Positano is a charming coastal town renowned for its dramatic cliffside setting and pastel-coloured buildings. the narrow streets and pathways are full of quaint cafés, boutique stores and high-end restaurants and hotels. There is a black sandy beach, lined with sun loungers.
Amalfi is the historic town, from which the coastline takes its name. You’ll find beautiful cathedrals, piazzas and plenty of places to eat and drink as well as a port and beaches.
Ravello is a picturesque town up in the hills, known for its stunning views of the Tyrrhenian Sea, charming architecture, and cultural heritage. It is and has been a well-loved spot for artists and writers and has a beautiful central piazza, duomo and villas.
Other Amalfi Coast Towns and Villages
There are lots of smaller towns and villages lining the coastline which are well worth a visit or are other nice options to stay if you want something a little quieter. Don’t miss the towns of Maiori and Minori and the traditional fishing villages of Atrani and Cetara.
Cruise The Amalfi Coast in a Boat
You can also hire a boat for the day, which was a fantastic experience. Whilst it’s not cheap, if there is something to splash out on, it would be this! They gave us a demonstration on how to steer the boat, a bit of safety info and then we were free to explore the coastline from the water. We took a packed lunch and moored up for a swim and some food, it was amazing. You can also hire boats with a skipper for a larger fee, which sounded great too.
If that doesn’t fall within your budget, then take the local ferry from Amalfi to Salerno for a fraction of the price and you’ll still get to admire the coastline from the water.
Pompei and Herculaneum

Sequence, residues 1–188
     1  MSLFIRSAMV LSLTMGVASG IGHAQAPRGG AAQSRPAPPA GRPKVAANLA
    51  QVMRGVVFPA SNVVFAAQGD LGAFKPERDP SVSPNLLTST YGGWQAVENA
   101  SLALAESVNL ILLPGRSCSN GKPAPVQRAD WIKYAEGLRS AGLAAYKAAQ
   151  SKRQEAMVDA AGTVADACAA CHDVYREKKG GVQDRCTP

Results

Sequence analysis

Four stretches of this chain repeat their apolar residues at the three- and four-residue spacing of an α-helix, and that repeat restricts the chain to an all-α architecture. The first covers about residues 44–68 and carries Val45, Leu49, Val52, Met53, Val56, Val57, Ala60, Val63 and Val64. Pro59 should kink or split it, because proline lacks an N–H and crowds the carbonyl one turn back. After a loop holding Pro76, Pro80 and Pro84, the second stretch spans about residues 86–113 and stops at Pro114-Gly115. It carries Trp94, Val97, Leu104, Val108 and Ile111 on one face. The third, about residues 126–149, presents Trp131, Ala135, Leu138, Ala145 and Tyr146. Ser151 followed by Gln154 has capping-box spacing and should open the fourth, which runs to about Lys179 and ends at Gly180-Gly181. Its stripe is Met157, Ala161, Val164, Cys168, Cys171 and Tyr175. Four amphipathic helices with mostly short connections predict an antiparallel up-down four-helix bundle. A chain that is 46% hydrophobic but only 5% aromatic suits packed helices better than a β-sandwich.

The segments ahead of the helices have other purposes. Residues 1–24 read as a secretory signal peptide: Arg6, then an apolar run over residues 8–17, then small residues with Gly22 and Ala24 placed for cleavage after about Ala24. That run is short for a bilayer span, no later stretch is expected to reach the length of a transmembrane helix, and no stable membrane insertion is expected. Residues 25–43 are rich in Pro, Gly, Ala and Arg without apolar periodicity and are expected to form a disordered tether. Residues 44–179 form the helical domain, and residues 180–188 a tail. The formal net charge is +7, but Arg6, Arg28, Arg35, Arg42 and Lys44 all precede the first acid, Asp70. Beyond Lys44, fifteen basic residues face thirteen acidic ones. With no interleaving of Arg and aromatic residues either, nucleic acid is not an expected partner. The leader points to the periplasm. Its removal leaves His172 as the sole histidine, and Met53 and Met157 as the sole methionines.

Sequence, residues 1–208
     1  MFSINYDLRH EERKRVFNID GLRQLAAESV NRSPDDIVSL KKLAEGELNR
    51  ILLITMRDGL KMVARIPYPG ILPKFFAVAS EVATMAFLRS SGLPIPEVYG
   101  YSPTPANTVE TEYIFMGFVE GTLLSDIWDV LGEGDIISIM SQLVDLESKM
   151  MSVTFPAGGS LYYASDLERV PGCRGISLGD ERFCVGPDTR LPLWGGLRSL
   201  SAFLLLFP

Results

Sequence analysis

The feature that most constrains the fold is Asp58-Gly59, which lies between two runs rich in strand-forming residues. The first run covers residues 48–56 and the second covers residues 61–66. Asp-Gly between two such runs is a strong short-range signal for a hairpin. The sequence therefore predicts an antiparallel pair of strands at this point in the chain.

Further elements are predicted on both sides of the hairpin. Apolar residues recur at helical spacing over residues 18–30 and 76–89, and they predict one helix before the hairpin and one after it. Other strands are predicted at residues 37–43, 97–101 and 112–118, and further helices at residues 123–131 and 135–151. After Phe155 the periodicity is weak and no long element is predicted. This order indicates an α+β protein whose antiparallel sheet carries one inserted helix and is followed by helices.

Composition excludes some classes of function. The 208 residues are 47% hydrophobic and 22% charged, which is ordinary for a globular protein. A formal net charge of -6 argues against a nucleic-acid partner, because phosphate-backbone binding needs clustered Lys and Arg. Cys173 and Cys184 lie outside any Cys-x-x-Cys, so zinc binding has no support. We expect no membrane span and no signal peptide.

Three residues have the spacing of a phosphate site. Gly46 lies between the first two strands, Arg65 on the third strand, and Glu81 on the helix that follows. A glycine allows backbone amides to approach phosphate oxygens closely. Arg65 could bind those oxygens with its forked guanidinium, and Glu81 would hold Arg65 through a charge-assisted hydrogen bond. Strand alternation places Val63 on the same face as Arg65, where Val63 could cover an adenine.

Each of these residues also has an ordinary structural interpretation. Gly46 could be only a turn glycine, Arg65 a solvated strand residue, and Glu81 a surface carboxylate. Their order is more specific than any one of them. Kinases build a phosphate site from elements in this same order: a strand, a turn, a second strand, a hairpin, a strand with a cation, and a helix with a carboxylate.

You can also take a day trip to Pompei and Herculaneum from most spots on the Amalfi Coast. There are plenty of operators offering the trip, or if you have a car it’s just over an hour’s drive.
Getting Around The Amalfi Coast
It’s easy and cheap to get around by the local SITA bus and you can also take a ferry to and from the main towns. I would advise against hiring a car – unless you’re experienced at driving in Italy and don’t mind narrow roads with sheer drops and some fairly speedy drivers, then it’s not the most enjoyable experience. There is also very limited parking.
Getting to The Amalfi Coast
The closest airport is Naples, but you can fly to Rome, which is what we did and had a few days in the city. From Rome, it’s either a coach all the way down or you can take the train to Salerno and ferry from there. (We did both – the coach was simpler, but I enjoyed taking the ferry).
Amalfi Coast Budget
Your biggest expenditure on the Amalfi Coast will be accommodation. Even the budget options aren’t cheap. Our stay at Villa Il Frantoio cost around £170 a night in May, including an amazing (and large) breakfast, which meant we spent less on lunch. Each room has its own private terrace overlooking the sea, which is a lovely place to sit and have a drink in the evening (the local shop sells some very nice local wine). Of course, when you are in Italy, you want to eat local food, but this doesn’t have to be expensive. There are lots of little cafes that serve pizza by the slice and great salads, which is perfect for a cheap lunch.
So while it probably won’t be the cheapest trip you take, you don’t have to spend a fortune and for me, it is definitely worth the money. The Amalfi Coast really is a special place, a beautiful area, oozing with culture and class. I can’t wait to go back.
Travelling to Italy? Check out our article on Emilia Romagna.